“When Denny spoke to me, I was excited,” Barker said. “I’m a competitor, I’ve always been a competitor, and I knew the resources. I knew the team we had. I knew the people we had. I know the resources we had. I know the leadership that Denny provided. I knew what we were capable of.

“I was really excited about getting another opportunity. But I didn’t plan on it this way. I just planned on doing a good job in whatever my role was. It takes a lot of things to win a race. It’s a million ways to lose one and one way to win one. So, I mean, I did what I had to do to get this far.”

In his two-decade career, Barker said he’s “never had this many resources” at his disposal like what 23XI Racing provides.

“My main focus was to make sure the team, the strength of the team, was brought to bear,” Barker said. “In other words, I didn’t do anything to inhibit us, make no mistakes, put us in position to succeed has been my main focus.

“I knew Bubba could get it done. I knew we had the stuff and the people to support him to knock it out. Not saying it was anybody’s fault, per se, but we had had troubles early this the year, fluke things, whatever. It’s been my focus always with him and us to just don’t beat ourselves.”

The Owners

Twelves months ago, 23XI Racing did not exist.

No employees, no shop. Nothing.

Thirty-one races into its existence, the team co-owned by Denny Hamlin and NBA legend Michael Jordan accomplished something that’s only been done twice since Hendrick Motorsports did it in 1984.

23XI joined Spire Motorsports (2019) as teams who have won a Cup points race in their first year of operation.

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“Emotions obviously super high,” Hamlin said. “I didn’t realize it would be this high at this moment. I understand the process in which it takes to get to this point, winning in NASCAR’s highest level. I’m in every meeting, I’m hands on with the team. I know how hard they work.

“I certainly am more emotional, more happy with someone else’s victory than mine on this day.”

Hamlin obviously knows what it’s like to get a first Cup win as a driver, albeit far sooner, having won at Pocono Raceway in his 21st start in 2006. That was after he won the exhibition Budweiser Shootout at Daytona.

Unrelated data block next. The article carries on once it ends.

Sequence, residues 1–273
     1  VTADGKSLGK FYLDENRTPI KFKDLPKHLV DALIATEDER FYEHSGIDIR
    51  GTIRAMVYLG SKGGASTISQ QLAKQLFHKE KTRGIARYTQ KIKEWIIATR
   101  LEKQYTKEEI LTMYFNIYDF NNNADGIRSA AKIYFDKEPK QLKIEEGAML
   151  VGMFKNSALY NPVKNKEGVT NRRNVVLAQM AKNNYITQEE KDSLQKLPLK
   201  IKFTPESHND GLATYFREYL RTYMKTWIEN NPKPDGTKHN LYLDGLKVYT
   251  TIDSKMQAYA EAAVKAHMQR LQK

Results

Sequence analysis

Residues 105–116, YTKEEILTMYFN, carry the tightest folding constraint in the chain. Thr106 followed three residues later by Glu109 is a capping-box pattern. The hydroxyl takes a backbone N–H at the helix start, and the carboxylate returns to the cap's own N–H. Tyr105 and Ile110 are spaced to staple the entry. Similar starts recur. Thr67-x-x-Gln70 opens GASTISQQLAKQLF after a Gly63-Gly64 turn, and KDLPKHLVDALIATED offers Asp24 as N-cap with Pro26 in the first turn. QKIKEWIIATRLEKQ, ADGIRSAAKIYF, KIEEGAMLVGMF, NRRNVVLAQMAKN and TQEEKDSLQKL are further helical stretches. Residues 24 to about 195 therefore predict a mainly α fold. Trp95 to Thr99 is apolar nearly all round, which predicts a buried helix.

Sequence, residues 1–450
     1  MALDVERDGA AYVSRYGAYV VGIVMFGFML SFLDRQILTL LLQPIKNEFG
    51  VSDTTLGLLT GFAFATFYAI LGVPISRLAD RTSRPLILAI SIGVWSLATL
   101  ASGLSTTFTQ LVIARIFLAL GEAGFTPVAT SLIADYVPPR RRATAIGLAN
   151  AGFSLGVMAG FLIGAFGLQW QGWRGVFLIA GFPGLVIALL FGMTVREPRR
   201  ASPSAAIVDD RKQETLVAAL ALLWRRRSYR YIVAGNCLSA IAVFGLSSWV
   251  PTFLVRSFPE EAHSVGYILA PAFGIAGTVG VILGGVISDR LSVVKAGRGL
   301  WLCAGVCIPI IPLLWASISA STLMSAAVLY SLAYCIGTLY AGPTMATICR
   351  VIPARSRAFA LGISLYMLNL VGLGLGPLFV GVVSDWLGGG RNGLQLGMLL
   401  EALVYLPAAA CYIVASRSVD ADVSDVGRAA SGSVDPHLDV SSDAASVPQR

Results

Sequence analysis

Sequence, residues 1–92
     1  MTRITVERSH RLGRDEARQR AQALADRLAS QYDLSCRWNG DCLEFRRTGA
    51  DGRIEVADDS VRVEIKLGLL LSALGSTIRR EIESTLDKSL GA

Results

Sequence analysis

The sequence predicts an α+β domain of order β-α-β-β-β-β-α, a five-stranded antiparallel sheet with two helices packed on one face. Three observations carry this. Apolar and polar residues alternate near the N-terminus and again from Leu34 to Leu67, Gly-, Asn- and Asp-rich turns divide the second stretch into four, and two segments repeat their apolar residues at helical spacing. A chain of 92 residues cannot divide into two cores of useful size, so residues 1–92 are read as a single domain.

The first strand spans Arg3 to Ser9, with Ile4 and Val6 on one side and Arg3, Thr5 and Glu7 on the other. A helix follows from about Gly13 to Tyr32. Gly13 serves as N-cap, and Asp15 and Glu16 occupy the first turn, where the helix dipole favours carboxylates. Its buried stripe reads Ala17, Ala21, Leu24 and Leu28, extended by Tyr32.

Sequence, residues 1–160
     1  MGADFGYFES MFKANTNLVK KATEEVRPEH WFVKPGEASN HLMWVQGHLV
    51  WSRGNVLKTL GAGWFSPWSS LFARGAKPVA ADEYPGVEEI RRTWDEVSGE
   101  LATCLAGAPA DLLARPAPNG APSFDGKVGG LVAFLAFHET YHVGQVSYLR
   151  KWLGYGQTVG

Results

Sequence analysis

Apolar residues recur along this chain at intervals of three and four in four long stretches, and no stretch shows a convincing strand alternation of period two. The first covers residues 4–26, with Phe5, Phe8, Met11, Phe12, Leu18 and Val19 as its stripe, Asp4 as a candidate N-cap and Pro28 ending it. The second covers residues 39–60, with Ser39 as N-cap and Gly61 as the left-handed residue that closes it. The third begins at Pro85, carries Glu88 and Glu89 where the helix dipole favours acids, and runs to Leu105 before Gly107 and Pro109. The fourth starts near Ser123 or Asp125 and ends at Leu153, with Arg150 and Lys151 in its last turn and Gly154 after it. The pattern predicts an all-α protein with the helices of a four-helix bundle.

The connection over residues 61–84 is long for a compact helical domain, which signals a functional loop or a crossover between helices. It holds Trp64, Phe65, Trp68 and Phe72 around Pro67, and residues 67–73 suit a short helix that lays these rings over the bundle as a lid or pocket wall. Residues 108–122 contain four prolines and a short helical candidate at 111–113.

The feeling of winning as an owner is different.

“It’s like watching your kid succeed at whatever they’re doing, whether it be baseball, musical theater, whatever,” Hamlin said. “I have no relation to anyone on this team, but they are family. We spend a lot of time together, we work hard together. I know the people within the shop work very, very hard. They had to work their tails off to get this team off the ground just 10, 12 months ago.

“I can understand and I appreciate this win more as a car owner because I know how hard the last 10 to 12 months have been putting this thing together and trying to take it up to NASCAR’s highest level, which is not easy, obviously.

“We’re still again in the building stage, we’re still in the growing stages of our team. This is just a huge morale boost, a huge confidence boost for Bubba. There’s a lot of positives that will come out of this that will linger for a very, very long time.”

and check out and subscribe to his show “Dropping The Hammer with Daniel McFadin” on YouTube and in podcast form.

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4 Comments
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jdquick

Wow, the next great driver, right. Still 20th in the standings and the hype is greater than Danica. Just Wow. Just call Bubba what he is and that is lucky. He was in the right place at the right time. Guess now the MSM will make him the next HOF driver……

Michael M

Just wow; you scribes are spazzing out with your ” black this, 1st African American that, on and on. Bubba just looks at himself as a race car driver ( or used to). Technically doesn’t he represent two races? His father is white, a fact that I’m sure you all can’t stand.

Bill B

Blah blah blah blah. It’s a crapshoot restrictor plate race that ended prematurely due to rain. Not much difference than a child winning at musical chairs. When the music stops someone is in the right place at the right time. Stop trying to embellish it to make it more epic and meaningful than it was.

Tom B

You can’t compare Bubba Wallace and Wendell Scott. Wendell is real African American who had to deal with Southern racists every week. Bubba, not so much.